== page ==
Last summer Karen and I got into an interesting fight. I'd been mowing the lawn in the heat and humidity, and I was sweating. It seemed like the perfect opportunity to spray Weed & Feed on the lawn. It was freshly cut, and no rain was forecasted for days. All I needed were the chemicals.
"I'm going to the store," I told Karen.
"But the kids and I are waiting for you to go to the pool with us," she said. "And we've got to be back by 3."
"That can wait."
"Honey, we promised the kids we'd all go."
"Well, they'll just have to wait."
Karen was upset. "Why didn't you get the stuff before? I thought you said you had some."
"So I was wrong, already," I shot back. "I want to go to the store."
I'll spare you the rest of the conversation. But we went back and forth, and I got mad. Later, I chided myself: What were you thinking? She wanted you to go to the pool and cool off. And you fought with her so you could toil and sweat in the yard?
There was a force greater than logic at work: This was my project. What Karen wanted could wait.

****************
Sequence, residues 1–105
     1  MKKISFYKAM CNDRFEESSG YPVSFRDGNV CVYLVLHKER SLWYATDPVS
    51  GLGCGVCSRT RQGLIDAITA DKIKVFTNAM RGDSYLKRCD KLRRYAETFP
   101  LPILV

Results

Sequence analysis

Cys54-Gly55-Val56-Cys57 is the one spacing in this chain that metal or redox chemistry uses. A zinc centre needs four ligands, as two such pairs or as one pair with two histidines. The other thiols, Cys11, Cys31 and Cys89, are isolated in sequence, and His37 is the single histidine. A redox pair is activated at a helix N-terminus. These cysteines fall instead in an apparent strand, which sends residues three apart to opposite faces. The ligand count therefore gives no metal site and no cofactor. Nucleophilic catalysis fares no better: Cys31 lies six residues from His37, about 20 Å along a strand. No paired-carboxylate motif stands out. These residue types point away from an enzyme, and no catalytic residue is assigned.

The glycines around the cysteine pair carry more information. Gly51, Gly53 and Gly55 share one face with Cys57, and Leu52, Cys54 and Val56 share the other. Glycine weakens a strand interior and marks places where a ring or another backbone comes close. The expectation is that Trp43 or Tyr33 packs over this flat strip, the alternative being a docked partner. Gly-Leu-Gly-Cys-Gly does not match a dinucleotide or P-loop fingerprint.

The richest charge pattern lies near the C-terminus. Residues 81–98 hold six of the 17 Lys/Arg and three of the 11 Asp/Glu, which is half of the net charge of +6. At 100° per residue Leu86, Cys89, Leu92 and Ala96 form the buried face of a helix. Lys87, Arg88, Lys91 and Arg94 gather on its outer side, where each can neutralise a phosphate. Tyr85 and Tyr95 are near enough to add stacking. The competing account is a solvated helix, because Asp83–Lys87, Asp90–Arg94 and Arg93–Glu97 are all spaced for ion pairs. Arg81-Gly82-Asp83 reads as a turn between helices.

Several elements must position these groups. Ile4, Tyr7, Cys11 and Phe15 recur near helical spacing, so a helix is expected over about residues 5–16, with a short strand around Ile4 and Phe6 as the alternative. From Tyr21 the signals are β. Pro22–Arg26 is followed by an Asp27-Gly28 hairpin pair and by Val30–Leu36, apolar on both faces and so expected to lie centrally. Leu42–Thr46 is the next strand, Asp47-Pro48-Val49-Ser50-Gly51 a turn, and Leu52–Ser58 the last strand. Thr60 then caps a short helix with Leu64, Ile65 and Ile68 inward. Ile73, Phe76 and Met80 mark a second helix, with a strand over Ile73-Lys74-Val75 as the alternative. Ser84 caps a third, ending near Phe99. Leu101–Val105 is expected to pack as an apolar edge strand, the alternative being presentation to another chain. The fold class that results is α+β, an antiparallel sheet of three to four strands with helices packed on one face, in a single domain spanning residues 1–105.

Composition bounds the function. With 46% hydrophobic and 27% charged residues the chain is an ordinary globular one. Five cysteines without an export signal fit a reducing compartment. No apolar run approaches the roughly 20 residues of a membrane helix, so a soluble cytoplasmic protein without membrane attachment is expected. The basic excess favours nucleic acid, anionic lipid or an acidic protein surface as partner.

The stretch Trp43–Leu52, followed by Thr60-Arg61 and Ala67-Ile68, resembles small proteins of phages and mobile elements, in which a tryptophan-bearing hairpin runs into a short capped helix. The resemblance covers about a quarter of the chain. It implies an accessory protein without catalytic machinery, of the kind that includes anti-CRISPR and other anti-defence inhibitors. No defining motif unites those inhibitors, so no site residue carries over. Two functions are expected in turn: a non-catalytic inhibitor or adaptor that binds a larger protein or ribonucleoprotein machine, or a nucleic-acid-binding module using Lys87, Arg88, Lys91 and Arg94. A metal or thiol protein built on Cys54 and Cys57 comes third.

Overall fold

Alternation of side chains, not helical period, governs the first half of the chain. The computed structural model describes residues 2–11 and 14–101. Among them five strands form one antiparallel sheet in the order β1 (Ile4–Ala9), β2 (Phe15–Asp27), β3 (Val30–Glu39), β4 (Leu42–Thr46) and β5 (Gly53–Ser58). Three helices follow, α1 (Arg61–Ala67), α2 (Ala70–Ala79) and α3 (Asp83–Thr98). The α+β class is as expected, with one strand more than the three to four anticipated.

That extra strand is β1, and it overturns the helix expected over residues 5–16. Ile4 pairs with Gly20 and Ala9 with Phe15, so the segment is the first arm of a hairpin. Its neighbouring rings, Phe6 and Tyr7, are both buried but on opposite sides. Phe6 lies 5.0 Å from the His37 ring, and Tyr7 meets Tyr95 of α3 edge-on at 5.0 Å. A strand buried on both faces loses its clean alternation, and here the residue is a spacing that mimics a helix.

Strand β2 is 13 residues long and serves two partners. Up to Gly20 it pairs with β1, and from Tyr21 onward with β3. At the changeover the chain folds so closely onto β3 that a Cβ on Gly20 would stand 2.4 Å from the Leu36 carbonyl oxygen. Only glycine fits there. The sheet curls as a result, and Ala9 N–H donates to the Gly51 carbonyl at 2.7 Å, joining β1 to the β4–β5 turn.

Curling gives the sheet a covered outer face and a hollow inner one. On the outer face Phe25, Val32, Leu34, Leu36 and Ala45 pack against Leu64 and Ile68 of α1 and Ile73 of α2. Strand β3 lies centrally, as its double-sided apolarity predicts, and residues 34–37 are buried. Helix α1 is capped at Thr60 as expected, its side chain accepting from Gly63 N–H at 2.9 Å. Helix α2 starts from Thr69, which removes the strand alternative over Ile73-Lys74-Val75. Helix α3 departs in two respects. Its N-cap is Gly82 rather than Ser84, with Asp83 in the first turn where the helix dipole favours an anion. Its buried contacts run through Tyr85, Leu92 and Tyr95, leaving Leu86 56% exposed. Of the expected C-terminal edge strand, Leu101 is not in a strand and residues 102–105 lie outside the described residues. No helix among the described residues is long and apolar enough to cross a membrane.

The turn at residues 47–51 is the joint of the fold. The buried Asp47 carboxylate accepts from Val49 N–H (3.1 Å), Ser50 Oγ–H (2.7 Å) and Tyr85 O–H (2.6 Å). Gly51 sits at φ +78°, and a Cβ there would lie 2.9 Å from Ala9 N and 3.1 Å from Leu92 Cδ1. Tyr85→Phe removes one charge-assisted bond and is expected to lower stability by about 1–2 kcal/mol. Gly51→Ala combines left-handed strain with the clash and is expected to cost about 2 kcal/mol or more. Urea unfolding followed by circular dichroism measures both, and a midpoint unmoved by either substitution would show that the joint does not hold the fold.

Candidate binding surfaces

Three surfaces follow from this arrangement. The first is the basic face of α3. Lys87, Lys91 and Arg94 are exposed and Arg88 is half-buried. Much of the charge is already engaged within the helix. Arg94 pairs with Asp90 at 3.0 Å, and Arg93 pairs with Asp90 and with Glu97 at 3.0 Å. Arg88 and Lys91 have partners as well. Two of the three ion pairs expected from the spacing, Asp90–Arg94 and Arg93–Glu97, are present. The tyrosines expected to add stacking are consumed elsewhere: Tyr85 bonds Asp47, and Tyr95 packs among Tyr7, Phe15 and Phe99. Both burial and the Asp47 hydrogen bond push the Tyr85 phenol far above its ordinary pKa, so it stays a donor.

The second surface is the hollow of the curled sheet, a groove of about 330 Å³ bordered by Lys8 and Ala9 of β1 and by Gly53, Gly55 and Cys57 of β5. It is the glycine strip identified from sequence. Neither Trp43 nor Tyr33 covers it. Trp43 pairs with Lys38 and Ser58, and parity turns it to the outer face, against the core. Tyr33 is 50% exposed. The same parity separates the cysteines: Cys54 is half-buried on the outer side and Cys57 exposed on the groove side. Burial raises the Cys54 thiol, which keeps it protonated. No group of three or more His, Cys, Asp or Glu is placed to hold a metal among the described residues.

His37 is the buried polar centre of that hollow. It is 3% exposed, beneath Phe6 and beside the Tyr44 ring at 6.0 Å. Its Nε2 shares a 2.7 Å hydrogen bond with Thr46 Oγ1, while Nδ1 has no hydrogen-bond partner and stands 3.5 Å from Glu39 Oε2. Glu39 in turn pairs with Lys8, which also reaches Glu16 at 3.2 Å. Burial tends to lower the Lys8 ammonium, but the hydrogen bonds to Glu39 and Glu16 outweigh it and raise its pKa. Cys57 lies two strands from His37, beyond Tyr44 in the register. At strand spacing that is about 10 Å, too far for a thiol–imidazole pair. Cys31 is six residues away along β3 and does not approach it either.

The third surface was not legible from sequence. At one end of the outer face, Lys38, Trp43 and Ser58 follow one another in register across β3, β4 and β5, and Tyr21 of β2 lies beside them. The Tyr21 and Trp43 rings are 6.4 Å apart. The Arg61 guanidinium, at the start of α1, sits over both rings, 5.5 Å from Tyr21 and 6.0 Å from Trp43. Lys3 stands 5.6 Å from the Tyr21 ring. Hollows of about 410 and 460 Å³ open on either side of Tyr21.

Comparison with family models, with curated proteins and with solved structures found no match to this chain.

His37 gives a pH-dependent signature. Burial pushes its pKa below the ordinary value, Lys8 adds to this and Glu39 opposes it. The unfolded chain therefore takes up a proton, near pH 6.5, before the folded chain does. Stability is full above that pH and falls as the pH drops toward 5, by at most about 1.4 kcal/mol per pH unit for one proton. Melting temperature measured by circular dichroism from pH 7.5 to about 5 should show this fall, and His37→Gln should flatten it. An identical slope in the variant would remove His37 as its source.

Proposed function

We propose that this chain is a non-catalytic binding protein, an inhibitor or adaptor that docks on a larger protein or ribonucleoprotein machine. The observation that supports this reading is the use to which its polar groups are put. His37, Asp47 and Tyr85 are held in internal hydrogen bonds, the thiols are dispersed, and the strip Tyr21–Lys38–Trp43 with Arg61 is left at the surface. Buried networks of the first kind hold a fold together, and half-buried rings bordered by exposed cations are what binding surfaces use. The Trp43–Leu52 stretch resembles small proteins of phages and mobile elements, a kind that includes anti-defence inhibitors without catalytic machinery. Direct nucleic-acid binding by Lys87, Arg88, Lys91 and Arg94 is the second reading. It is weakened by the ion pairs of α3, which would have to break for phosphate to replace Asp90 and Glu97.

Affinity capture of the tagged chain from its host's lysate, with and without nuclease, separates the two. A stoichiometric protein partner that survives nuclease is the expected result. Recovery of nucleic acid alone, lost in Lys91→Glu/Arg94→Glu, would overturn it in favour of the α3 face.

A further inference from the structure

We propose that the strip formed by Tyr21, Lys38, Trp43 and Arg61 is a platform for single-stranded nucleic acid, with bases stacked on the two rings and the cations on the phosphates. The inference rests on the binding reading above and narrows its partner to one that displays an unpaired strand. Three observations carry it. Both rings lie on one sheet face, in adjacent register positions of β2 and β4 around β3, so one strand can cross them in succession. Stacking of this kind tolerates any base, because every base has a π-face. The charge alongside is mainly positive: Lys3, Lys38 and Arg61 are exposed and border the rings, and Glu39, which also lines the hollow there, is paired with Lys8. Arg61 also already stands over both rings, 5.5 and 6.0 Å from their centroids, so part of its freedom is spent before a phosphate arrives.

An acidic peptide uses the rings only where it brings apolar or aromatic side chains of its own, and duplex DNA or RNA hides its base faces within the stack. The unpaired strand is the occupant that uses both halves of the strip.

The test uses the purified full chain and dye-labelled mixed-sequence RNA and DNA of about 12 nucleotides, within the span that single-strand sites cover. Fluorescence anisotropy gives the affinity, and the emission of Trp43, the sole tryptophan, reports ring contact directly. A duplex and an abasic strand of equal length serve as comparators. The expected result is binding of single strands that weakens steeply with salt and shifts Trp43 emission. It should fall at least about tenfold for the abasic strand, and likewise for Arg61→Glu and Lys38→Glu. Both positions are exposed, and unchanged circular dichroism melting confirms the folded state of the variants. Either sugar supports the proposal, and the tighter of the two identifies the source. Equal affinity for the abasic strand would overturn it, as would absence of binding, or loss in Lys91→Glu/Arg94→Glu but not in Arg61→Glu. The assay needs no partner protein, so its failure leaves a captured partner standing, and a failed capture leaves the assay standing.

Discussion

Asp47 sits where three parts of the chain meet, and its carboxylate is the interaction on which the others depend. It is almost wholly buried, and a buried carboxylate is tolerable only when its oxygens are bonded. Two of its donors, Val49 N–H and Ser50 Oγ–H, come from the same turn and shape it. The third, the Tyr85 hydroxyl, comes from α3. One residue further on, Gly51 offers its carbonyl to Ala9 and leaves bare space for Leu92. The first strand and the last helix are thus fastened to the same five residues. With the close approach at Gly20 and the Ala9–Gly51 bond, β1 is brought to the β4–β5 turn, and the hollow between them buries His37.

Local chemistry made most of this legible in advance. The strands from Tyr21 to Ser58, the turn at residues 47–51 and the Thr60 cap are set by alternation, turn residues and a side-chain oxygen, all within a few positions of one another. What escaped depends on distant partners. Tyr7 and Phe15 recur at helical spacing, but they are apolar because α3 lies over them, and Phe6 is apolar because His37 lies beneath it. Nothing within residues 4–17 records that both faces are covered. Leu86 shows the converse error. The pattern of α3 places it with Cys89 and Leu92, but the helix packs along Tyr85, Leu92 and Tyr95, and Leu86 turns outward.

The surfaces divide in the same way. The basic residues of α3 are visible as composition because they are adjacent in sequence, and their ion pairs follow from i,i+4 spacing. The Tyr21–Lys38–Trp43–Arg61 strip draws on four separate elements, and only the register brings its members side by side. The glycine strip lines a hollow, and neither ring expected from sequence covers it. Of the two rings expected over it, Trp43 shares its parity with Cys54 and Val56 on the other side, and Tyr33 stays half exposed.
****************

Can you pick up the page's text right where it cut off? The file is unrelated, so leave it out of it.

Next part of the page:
At moments like those, it would help if the apostle Paul could walk right into my house to remind me, "Husbands, love your wives just as Christ loved the church and gave himself up for her" (Eph. 5:25). Those poetic-sounding words are verbal dynamite; they blow apart the way I want things to work. And when the dust settles, their wisdom remains: "Put your spouse first."
A wife is supposed to do that as well, the passage goes on to say, by showing respect, listening to her husband, honoring him and not tearing him down. A husband is called, meanwhile, to sacrifice himself for his wife. Make her feel special. Help her become a more holy, gracious person because of what he gives up for her.1